Ultrastructural Study on the Jejunal Mucosa in Patients with Crohn's Disease Tsutomu Yamamoto 1 , Koichi Fujita 1 , Tsuneyoshi Yao 1 1The First Department of Internal Medicine, School of Medicine, Fukuoka University pp.781-788
Published Date 1985/7/25
DOI https://doi.org/10.11477/mf.1403109909
  • Abstract
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 An electron microscopic study was performed to investigate the ultrastructural abnormality in the apparently normal mucosa and minute scar area in eight patients with Crohn's disease. Biopsy specimens were taken under direct vision during small intestinal endoscopy (normal mucosa: eight cases, scar area: two cases). The discernible alterations were described as follows.

 1) Apparently normal mucosa: Supranuclear portion of the epithelial cells showed an increase in heterogenous lysosomes in five cases. Autophagic vacuoles and residual bodies were frequently seen in the perinuclear and the lateral portions of the epithelial cells in four cases. Myelin-like structures, presumably residual bodies, were also seen in the cytoplasm and the intercellular spaces.

 2) Minute scar area: In addition to the findings concerning the increased number of lysosomes and frequent occurrence of autophagic vacuoles similar to those found in the normal mucosa, various sized vacuoles containing degenerated cell organella were observed in the apical portion. Therefore, some of them were considered to be residual bodies not yet discharged into the extracellular space. These vacuoles were relatively rare in the epithelial cell of the normal mucosa. Neither viral particles nor degraded bacteria were detected in the normal mucosa and the minute scar area.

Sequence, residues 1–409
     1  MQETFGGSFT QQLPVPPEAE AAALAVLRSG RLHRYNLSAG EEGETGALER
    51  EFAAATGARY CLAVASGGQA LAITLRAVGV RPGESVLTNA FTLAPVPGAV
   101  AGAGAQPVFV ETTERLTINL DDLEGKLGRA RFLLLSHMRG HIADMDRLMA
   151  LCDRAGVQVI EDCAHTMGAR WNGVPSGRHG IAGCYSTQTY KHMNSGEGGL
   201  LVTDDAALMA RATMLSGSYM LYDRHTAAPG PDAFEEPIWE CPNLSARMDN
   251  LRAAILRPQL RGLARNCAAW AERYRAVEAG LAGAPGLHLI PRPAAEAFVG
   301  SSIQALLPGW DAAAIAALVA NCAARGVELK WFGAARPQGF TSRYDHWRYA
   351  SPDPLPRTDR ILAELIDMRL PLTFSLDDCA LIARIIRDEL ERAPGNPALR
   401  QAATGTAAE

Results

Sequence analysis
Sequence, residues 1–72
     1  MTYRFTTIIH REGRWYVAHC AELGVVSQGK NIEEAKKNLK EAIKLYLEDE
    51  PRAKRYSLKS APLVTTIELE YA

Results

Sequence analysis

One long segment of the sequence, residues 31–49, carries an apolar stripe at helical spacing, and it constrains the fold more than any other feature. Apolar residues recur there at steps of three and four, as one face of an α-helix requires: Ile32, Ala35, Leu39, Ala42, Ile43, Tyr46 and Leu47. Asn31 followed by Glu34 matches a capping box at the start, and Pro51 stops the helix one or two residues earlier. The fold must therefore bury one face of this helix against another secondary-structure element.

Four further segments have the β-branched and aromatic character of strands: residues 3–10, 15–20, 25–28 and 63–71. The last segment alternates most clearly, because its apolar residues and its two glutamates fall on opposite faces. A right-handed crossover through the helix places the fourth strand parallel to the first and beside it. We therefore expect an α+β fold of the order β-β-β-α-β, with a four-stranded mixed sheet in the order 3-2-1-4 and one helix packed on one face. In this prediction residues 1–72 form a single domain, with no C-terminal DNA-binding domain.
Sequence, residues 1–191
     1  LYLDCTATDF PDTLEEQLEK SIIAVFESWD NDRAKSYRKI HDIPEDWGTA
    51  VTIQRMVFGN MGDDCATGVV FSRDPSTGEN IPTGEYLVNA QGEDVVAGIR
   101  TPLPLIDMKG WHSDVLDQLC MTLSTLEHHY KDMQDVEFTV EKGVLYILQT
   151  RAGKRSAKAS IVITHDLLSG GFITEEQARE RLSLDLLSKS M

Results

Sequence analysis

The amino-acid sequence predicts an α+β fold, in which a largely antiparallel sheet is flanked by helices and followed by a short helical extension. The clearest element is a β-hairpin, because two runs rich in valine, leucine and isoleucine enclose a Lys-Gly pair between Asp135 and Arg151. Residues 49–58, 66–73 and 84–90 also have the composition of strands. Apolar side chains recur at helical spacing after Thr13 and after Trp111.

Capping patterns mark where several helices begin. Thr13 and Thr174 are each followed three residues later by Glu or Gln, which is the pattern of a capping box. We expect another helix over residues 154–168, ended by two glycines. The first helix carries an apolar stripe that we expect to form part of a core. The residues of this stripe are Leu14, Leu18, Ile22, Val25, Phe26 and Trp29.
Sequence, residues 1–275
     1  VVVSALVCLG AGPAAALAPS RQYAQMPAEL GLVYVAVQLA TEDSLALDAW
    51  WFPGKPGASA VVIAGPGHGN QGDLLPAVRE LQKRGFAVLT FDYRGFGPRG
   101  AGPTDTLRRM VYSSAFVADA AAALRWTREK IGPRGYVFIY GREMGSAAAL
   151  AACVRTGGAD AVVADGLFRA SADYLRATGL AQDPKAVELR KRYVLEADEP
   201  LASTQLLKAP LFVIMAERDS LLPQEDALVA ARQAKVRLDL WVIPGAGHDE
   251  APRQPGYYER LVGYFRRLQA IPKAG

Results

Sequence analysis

The autophagic vacuoles in the small intestinal epithelium have been reported in various pathological conditions such as starvation, x-ray irradiation and marasmus. The present cases have no such clear cause for cell injury. Therefore, our findings of autophagic vacuoles and residual bodies even in the normal mucosa may possibly be explained as a consequence of the intestinal lesion of Crohn's disease. And the epithelial cell necrosis, so called“patchy necrosis”, would be caused when these structures are ruptured by noxious agents from the lumen.

 These findings, above mentioned, are compatible with the concept of Crohn's disease as a diffuse lesion of the gastrointestinal tract.

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